When Viola Carroll was presumed dead at Waterloo she took the opportunity to live, at last, as herself. But freedom does not come without a price, and Viola paid for hers with the loss of her wealth, her title, and her closest companion, Justin de Vere, the Duke of Gracewood.
Only when their families reconnect, years after the war, does Viola learn how deep that loss truly was. Shattered without her, Gracewood has retreated so far into grief that Viola barely recognises her old friend in the lonely, brooding man he has become.
As Viola strives to bring Gracewood back to himself, fresh desires give new names to old feelings. Feelings that would have been impossible once and may be impossible still, but which Viola cannot deny. Even if they cost her everything, all over again.
I have been waiting for this book for over a year, so I am just thrilled to be able to read an ARC. This is Hall’s second historical romance of 2022, and we are truly blessed to live in such an age.
Viola sacrificed everything for the opportunity to live authentically, and she doesn’t mind that the price for this is living in rural obscurity, away from curious eyes. When she learns that her childhood friend and his sister need help, she reacts with caution. After all, being recognized by anyone from her old life could spell ruination.
It takes longer than one might expect for Gracewood to recognize Viola, but when he does, he accepts her without reservation because their childhood friendship had always been based on a deeply-rooted affinity, rather than something more superficial. Viola has some reservations about their attraction to each other because she knows that dukes are supposed to marry and have children to further their line, as it were, and she doesn’t want to be an impediment to that. Also, her role as a companion puts her at a lower social status, making any marriage between her and Gracewood subject to scrutiny. And referring back to the last paragraph, scrutiny could lead to recognition, and she very much needs to remain in obscurity.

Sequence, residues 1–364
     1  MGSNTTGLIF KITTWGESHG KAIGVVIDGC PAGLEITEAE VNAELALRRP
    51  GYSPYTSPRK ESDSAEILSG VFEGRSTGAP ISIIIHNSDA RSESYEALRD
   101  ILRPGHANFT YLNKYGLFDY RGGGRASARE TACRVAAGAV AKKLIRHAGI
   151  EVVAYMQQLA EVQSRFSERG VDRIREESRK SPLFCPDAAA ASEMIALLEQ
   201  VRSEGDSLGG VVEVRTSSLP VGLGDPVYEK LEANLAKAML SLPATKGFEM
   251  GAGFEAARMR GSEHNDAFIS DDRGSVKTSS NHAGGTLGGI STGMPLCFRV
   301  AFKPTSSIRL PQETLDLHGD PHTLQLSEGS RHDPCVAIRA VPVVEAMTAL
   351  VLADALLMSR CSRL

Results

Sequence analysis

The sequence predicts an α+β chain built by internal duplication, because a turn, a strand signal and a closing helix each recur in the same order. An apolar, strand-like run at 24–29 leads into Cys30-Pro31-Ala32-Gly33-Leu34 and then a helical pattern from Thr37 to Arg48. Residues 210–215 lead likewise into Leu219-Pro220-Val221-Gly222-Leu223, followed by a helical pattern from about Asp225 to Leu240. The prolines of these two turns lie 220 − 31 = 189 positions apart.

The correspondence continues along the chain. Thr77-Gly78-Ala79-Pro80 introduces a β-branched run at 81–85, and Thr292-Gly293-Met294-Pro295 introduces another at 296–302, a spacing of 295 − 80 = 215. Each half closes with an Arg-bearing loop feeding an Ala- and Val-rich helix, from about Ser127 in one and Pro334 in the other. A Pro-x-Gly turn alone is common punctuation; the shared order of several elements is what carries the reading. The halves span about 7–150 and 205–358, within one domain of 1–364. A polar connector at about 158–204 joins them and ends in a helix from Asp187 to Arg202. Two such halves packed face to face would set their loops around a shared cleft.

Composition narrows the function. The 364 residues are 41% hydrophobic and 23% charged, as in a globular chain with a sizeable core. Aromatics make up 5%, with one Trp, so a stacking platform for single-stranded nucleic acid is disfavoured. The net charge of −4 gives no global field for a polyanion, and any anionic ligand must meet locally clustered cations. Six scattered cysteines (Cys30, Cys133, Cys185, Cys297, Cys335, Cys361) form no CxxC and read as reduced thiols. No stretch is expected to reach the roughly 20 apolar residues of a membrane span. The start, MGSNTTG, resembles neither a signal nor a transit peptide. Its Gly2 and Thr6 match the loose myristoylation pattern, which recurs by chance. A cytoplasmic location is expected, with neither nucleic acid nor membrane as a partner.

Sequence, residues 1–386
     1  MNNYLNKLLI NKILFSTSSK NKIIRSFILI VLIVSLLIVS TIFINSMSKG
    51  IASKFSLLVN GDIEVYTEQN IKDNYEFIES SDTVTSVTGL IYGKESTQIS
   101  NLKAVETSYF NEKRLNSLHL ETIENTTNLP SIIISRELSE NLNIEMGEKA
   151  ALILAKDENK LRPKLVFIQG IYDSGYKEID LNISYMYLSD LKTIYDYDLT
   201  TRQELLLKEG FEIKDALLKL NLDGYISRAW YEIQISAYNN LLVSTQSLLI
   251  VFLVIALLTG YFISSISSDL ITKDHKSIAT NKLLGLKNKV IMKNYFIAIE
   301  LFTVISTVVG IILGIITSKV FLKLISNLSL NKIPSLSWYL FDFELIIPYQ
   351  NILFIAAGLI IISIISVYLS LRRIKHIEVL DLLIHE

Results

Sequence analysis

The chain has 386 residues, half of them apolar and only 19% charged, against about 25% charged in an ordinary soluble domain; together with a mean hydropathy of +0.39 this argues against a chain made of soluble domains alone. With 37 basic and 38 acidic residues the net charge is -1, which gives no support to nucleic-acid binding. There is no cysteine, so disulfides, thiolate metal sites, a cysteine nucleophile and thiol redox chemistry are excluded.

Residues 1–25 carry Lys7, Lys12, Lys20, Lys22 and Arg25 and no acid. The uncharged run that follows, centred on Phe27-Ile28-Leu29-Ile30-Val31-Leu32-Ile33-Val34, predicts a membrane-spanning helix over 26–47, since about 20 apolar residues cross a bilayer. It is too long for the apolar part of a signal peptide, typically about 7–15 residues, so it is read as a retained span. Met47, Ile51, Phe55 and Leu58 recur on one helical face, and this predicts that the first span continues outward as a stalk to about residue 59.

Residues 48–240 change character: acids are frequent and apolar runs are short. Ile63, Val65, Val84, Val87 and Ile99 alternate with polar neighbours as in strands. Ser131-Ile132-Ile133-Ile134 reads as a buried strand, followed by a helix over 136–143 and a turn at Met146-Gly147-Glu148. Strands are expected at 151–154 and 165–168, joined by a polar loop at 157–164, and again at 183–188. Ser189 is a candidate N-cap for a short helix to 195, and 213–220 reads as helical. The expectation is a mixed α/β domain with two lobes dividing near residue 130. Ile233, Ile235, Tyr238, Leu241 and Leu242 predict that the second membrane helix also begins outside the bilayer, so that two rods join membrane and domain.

The secondary plot involves the whole gang going to London so that Gracewood’s sister Miranda can have a Season. There, they meet an assortment of aristocrats, including another duke named Amberglass, who is the antithesis of Gracewood. He didn’t rise to “chewing the scenery” levels of wickedness, but he danced perilously close to that line. Seriously, this guy could be the villain in a children’s movie where he’d say things like, “I’m so good at being bad!” Apparently, Amberglass is going to be in the sequel, and I am here for the redemption arc. Alexis Hall has his work cut out for him with that one.
Speaking of which, I cannot go without mentioning the superb ensemble whose many and varied personalities support our two protagonists. Some of the best moments in the book involved Viola and/or Gracewood interacting with these secondary characters.
I want to end my review with a note on perspective. While dual-POV is fairly common in the romance genre, many of Alexis Hall’s novels have been single POV. This works well because knowing what the other protagonist was thinking would eliminate much of the novel’s tension. This book, however, features dual perspective from both protagonists, and it works so well here. In this case, it’s imperative that the reader knows that the protagonists are on the same page—no pun intended.
I would absolutely recommend A Lady for a Duke. Admittedly, Hall is one of my favorite authors, but this book exceeded my expectations. It was full of big feelings and heart, and there’s a nice balance of tension and levity. I’m thrilled that Hall has jumped into the historical romance pool, and I hope that we’ll have more from him in the future.
I received a digital ARC of this book from Forever/NetGalley.